Title of ArticleEditorial
Type of ArticleConference Supplement Editorial
Author/sJan Dewing
ReferenceVolume 3, Conference Supplement, Editorial
Date of PublicationMarch 2013


About ten years ago, conferences, especially international ones, were either a luxury that one desired to achieve one day – even just once, or an essential part of the world of Research and Development. They provided a place to do two things: get information that you could really only get at the conference and from key speakers that you could only hear and see at a conference. But more and more we don’t need traditional conferences for information exchange. Along with presentations, we can see most people on You Tube, which often proves more than enough!

And so, conferences today, need to be more about critical connections and being able to get to know more people and know people more. For example, meeting new people who are interested in similar ideas to you – to reconnect with people you haven’t seen for a year or more and to enable people new to the field to feel they are part of a wider network and feel welcomed and their work valued. Wheatley and Freize (2006) comment we should focus on fostering critical connections rather than critical masses. We need to connect with kindred spirits that will give us the courage and conviction to develop new knowledge and practices back in our own locality. I believe this is especially important for transformation and innovation work. We need to network and connect on as wide a scale as possible to help us to succeed locally and regionally. This reminds me that the creation of spaces in which we can communicate is vital and sometimes, we need to travel to connect with others in such spaces.

Habermas of course, advocates the need for ongoing critical discourse amongst members of action oriented communities (Habermas, 1972). A communicativespace is, in part, something that evolves as issues or problems are opened up for discussion, and whenparticipants experience their interaction as a valued part of a democratic expression ofdiverse views. In support of this, Kemmis (2001) contends that the first step in participatory research is the formation of a communicative space, embodied in the networks of the actual persons participating. Thus we all need to be experiencing such spaces as participants as well as facilitators or researchers.

Two such spaces recently emerged. Both were underpinned by the values of the International Practice Development Collaborative. The first was the 2012 Enhancing Practice Conference in Sydney, NSW, Australia and the second was a Practice Development/Action Research Conference in Kent, England, jointly organised and hosted by the England Centre for Practice Development hosted at Canterbury Christchurch University and the Collaborative Action Research Network (CARN). In this supplement, our first conference proceedings, we are sharing some of the ideas that were presented at the conferences. What we can’t do is share the detail of what went on in the communicative spaces that different people created during the two events. We have eight papers here, one of which is in photographic form. For this supplement we’ve invited the authors to submit work and this has been subject to review by the academic editor. Apart from one plenary presenter, we’ve asked people who are new to Practice Development, doing smaller scale work, or building on existing Practice Development knowledge. The photographic submission, from the PD/CARN event aims to catch a glimpse of some of the communicative spaces in action. We very much hope you enjoy this conference related supplement. It’s not that long until our first regular issue of the year is due out so get reading!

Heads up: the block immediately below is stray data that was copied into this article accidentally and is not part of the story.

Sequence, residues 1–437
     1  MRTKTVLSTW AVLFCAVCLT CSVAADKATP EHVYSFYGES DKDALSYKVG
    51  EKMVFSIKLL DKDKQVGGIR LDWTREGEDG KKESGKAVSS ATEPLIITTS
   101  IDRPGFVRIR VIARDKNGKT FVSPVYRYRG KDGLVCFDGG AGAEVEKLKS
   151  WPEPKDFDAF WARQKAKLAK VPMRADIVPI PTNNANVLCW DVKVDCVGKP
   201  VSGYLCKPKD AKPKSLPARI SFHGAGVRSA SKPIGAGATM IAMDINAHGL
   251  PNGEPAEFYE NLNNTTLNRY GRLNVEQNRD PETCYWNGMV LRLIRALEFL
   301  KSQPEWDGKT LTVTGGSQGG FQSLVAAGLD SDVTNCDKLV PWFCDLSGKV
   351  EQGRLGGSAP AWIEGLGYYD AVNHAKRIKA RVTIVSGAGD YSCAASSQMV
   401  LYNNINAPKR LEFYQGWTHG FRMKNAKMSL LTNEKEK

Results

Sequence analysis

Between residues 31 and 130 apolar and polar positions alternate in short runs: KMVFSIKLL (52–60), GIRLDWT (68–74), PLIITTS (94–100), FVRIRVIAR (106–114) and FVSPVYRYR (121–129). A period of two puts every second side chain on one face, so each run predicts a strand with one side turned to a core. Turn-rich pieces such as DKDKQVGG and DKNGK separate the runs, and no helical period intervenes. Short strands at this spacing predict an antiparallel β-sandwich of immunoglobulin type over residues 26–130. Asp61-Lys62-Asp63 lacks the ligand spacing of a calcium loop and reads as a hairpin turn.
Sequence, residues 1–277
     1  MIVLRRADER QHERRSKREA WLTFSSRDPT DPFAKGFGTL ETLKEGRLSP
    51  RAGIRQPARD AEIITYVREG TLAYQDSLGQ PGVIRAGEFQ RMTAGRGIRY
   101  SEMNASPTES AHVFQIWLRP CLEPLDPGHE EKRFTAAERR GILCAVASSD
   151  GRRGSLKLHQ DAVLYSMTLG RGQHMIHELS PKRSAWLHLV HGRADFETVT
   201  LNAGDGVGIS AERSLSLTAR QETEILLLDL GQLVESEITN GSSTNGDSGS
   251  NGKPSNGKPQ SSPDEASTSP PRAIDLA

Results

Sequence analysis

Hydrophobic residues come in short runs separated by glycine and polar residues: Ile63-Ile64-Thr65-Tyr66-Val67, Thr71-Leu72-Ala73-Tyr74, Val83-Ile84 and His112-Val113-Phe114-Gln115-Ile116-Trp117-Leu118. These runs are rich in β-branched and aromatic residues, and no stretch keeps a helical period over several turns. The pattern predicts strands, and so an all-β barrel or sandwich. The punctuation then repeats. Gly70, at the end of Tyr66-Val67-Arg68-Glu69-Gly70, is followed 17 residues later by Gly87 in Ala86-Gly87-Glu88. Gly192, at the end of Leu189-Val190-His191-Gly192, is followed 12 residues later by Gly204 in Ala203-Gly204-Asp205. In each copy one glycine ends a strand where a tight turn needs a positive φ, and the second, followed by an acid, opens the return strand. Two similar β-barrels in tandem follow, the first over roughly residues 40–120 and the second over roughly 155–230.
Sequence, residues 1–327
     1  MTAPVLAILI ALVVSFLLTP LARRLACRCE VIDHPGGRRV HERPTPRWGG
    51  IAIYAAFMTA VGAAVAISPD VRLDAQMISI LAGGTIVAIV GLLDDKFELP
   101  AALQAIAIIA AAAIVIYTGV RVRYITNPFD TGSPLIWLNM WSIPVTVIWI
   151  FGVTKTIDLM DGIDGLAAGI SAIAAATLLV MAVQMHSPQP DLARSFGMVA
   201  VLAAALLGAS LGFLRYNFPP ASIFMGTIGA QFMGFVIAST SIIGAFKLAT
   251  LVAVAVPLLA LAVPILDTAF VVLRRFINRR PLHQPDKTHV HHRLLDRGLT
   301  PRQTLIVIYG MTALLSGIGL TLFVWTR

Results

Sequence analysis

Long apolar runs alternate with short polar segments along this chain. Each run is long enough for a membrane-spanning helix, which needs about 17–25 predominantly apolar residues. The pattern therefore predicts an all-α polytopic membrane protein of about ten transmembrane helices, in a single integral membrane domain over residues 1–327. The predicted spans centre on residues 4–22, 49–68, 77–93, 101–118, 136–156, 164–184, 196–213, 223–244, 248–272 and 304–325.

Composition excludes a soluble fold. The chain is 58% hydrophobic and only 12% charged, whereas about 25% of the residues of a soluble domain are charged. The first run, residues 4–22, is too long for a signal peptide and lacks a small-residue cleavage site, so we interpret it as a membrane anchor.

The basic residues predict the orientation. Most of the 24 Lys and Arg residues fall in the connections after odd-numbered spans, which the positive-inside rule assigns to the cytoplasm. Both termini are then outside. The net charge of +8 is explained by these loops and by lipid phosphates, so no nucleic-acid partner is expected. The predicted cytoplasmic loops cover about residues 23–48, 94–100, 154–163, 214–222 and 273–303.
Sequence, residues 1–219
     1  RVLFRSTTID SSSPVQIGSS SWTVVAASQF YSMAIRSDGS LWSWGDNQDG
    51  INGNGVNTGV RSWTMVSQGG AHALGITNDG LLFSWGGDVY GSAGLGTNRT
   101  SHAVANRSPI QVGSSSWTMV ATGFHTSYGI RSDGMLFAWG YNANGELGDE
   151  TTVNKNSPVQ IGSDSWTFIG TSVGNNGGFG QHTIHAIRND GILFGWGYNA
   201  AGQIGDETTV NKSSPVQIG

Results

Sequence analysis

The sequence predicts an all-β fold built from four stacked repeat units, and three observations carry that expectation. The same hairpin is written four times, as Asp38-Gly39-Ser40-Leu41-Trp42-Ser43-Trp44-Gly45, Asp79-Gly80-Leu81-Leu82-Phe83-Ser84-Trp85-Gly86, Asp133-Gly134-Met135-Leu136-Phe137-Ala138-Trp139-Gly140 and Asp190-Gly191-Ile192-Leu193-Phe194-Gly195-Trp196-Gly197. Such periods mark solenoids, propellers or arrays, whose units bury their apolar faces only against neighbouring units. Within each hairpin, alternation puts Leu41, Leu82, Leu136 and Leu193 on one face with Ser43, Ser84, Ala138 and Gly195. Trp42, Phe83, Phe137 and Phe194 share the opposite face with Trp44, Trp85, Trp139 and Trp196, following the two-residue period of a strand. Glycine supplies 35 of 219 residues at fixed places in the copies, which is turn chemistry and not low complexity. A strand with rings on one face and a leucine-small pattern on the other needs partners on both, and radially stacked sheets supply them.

Finally, we extend our appreciation to everyone who participated in the conferences; those who organised and those who took part in whatever ways. We also extend our ‘anticipations’ for more critical connections and communicative spaces at the next Enhancing Practice Conference in Toronto, Canada, in Autumn/Fall 2014.


Habermas, J. (1972) Knowledge and Human Interests. London: Heinemann.

Kemmis, S. (2001) Exploring the relevance of critical theory for action research: emancipatory action research in the footsteps of Jürgen Habermas. In Reason, P. and Bradbury, H. (Eds.) Handbook of Action Research: Participative Inquiry and Practice. London: Sage. pp 91–102.

Wheatley, M. and Frieze, D. (2006) Using Emergence to Take Social Innovations to Scale. Retrieved from: http://www.margaretwheatley.com/articles/emergence.html. (Last accessed 25th March 2013).

Jan Dewing (PhD, MN, BSc, RN, RNT, Dip Nurs Ed, Dip Nurs), Academic Editor, International Practice Development Journal; Professor of Person-centred Research and Practice Development, East Sussex Healthcare NHS Trust and Canterbury Christchurch University, Kent, England. Visiting Professor, Person-centred Practice Research Centre, University of Ulster, Northern Ireland. Visiting Professor, Aged Care and Practice Development, School of Nursing Midwifery and Indigenous Health Studies, University of Wollongong NSW (in partnership with Uniting Care Ageing SE Region).

This article by Jan Dewing is licensed under a Creative Commons Attribution Non-Commercial 3.0 License.

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